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A cable-reinforced screen with hold-down bar.
A cable-reinforced screen with hold-down bar.

Cable-reinforced solution for tensioning problems

Traditional fabric-reinforced rubber screen cloths have proved very popular for combating wear, pegging or blinding, and are commonly used on a wide variety of double-crown or smaller single-crown screen boxes.

However, with the increasing popularity of modern, larger width 6’ x 8’ single-crown screen boxes, maintaining good tension on the rubber screen cloths can be a real problem. The long span from hook to hook and high G-forces of the screen box can cause the cloths to flap and cut through on the support bars, resulting in premature failure. In attempts to prevent flapping, the cloths can easily be over-tensioned, pulling the rubber out of the hooks, destroying the cloth.

Fortunately, there are a number of options at hand to solve this problem. 

The use of higher profile capping rubbers can be a quick fix, increasing the crown radius and creating more downward pressure of the cloth on the support bars. On the downside, more material can flow to the outer sections of the screen. Bed depth increases, screening efficiency may be reduced and accelerated wear can occur down the edges of the screen cloth and side clamping bars.

Maintaining good tension on rubber screen cloths can be a real problem for some operators.
Maintaining good tension on rubber screen cloths can be a real problem for some operators.

One very simple method to ensure good tension of the rubber cloth is to incorporate a centre hold-down bar into the design of the cloth. Attachment is usually via commercially available J-bolts. It costs no more to design the cloth to accommodate a hold-down bar or J-bolts, so it makes good sense to ask for this feature to be included when ordering new cloths.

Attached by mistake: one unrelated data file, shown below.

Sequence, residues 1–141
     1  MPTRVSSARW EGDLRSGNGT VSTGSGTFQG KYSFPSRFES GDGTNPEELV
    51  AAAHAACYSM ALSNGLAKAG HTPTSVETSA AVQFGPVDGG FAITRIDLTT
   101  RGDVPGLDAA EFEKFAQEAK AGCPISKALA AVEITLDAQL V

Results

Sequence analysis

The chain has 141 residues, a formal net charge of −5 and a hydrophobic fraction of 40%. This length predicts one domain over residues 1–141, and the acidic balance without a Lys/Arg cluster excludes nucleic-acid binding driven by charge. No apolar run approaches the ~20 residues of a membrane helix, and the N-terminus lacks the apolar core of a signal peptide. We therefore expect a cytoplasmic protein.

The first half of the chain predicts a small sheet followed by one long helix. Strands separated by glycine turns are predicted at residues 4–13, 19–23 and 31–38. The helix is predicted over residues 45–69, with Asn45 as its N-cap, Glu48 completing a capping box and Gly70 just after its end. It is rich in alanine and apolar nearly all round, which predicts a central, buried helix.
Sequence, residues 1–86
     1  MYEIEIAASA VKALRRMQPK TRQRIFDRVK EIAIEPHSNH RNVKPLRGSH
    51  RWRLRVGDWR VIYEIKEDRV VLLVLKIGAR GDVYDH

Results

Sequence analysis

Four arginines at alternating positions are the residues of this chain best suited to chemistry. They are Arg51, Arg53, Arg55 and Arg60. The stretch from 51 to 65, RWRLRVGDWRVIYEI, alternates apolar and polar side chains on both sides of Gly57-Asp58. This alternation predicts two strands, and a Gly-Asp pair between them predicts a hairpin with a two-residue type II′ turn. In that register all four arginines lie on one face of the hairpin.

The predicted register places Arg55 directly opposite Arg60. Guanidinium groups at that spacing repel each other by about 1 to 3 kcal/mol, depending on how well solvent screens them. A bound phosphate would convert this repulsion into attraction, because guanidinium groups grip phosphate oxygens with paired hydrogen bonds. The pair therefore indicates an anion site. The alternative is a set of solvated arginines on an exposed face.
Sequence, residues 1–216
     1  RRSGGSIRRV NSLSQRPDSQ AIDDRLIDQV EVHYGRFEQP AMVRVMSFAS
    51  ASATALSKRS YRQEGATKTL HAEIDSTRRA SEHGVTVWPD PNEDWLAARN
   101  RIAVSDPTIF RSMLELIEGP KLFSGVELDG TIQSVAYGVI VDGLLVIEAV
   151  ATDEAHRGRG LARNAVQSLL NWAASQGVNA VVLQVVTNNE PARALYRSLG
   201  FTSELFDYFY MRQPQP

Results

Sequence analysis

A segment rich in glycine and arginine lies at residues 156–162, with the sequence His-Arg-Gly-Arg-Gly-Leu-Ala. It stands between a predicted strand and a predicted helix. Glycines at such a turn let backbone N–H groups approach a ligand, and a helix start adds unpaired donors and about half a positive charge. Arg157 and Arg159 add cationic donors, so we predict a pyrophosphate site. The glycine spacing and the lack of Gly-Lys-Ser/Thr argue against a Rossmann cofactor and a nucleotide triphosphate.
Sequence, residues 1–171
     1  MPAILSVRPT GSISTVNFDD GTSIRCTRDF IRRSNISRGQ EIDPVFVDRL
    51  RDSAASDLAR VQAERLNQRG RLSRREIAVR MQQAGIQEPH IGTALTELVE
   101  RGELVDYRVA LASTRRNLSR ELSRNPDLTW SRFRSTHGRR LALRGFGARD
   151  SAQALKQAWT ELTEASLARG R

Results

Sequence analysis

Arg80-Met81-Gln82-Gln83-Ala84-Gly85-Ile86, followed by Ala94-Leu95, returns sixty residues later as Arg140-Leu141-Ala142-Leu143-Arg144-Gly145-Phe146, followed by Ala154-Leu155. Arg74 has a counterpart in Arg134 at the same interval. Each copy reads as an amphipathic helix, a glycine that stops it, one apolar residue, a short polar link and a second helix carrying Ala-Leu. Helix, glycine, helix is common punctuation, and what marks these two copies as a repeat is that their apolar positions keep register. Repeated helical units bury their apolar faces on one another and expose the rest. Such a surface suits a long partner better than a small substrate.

For heavy-duty screening applications handling large material with high wear rates, Nepean Rubber’s steel cable-reinforced cloths are a more practical alternative and are suitable for use on any cross-tensioned or end-tensioned screen box.

Multiple stainless steel cables are moulded into the rubber screen, ensuring maximum tension force is applied to the hooks without risk of damage or failure. For added security, include a hold-down bar or J-bolts along the centre stringer bar on single-crown screens.

BENEFITS OF CABLE SCREENS

The selection of many different rubber compounds, such as natural or synthetic, hard or soft rubbers, depends on site-specific operating conditions. A special slip additive can be blended into the rubber where build-up of damp fines causes blockages. Conventional rubber cloths are manufactured using the same 60 Duro rubber compound for fine abrasive screening and heavy impact scalping of large rock.

A moulded aperture with taper (left) and a punched aperture with hour glass (right).
A moulded aperture with taper (left) and a punched aperture with hour glass (right).

Cable-reinforced screens have the apertures moulded with a relieving taper and are not limited by the same design parameters as conventional punched screens, where the rubber thickness must be smaller than the aperture. Otherwise the apertures take an “hour glass” shape and pegging of the apertures is almost guaranteed. Therefore it is possible to build a much more robust, long-lasting screen for the most arduous applications.

Cable screens can be custom designed and moulded with a multitude of aperture types such as slot, teardrop, round or square for self-cleaning, long wear life or maximum screening efficiency. Other features such as rider bars or diverter ribs to control material flow can also be included.

Source: Nepean Rubber











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Monday, 16 September, 2019 6:26am
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